Lawyers must fix the problems with gagging orders before it is too late
O v Nursing and Midwifery Council (NMC) [2015 EWHC 2949 (Admin)
Judgement Date 22 October 2015
Mrs O (the appellant) a qualified nurse of Nigerian descent, settled in the UK in 2007 along with her husband and three young children. The appellant worked for the National Health Service (NHS) from approximately 2010. In November 2012, the children were taken into care and the appellant and her husband were charged with ill treatment, pursuant to s.1 (1) of the Children and Young Persons Act 1933. It was alleged that when their children behaved badly, the appellant and her husband would beat the children with a cane or a wire coat hanger. The appellant and her husband pleaded not guilty at trial, which meant that their children had to give evidence against them. In March 2014, both parents were convicted and received 36 week custodial sentences. The appellant later explained that she had entered a not guilty plea out of ignorance in that corporal punishment was acceptable in Nigeria and she was unaware that such a form of chastisement was wrong and illegal in the UK. Between April and June 2013, the appellant attended a parenting course and a parenting assessment concluded that the children would not be at significant risk if returned to their parents. The appellant completed a reflective statement whilst in prison and upon her release conducted further research in respect of parenting skills. She apologised to her children and obtained professional testimonials. Meanwhile, the appellant’s conviction was referred to the Nursing and Midwifery Council (NMC).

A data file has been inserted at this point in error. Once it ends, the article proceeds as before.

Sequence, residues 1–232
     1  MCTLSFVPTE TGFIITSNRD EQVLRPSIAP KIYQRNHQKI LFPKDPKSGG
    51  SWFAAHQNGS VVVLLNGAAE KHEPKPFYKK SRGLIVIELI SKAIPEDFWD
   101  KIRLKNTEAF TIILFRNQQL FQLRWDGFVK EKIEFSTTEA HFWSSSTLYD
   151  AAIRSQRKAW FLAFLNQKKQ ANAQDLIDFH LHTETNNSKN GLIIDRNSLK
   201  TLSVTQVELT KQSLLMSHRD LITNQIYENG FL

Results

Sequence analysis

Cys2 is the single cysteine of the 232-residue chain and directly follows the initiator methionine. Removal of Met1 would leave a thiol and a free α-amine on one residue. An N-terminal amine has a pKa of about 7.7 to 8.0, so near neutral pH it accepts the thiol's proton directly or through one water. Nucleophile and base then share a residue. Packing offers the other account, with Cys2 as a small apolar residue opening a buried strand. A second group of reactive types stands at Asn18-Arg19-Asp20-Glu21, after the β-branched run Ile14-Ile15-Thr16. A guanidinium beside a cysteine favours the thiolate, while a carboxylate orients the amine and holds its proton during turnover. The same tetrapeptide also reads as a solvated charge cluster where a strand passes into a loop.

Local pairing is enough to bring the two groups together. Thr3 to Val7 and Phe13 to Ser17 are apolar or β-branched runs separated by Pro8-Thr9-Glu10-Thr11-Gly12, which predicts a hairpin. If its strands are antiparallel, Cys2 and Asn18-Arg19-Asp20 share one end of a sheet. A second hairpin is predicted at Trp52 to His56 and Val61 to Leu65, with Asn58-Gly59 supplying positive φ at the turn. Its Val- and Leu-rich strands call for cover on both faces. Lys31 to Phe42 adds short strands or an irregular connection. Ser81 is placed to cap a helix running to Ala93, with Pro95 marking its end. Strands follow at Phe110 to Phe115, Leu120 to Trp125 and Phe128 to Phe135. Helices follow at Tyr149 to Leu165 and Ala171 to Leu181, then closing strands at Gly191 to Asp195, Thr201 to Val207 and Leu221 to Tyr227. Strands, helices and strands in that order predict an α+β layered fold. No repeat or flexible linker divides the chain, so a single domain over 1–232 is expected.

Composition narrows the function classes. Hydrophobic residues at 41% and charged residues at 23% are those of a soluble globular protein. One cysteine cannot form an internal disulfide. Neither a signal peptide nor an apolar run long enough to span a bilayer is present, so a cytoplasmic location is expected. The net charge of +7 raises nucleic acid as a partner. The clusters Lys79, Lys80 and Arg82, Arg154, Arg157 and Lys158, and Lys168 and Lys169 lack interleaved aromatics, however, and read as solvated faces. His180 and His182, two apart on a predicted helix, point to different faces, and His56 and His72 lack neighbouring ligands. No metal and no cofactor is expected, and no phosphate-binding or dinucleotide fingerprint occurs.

The NMC hearing
The day prior to the NMC hearing, the NMC Conduct and Competence Committee received documents from the appellant’s family solicitor who advised that the separate family court proceedings were moving in the direction of reunification of the family. The Committee also received copies of the appellant’s notes and a log setting out the research that she had undertaken. Counsel for the appellant submitted that whilst the appellant admitted that her fitness to practise was impaired on the basis of her conviction, there were no clinical or professional concerns about the appellant’s performance and there was no danger to the public. Counsel emphasised the appellant’s remorse and the remedial work she had done.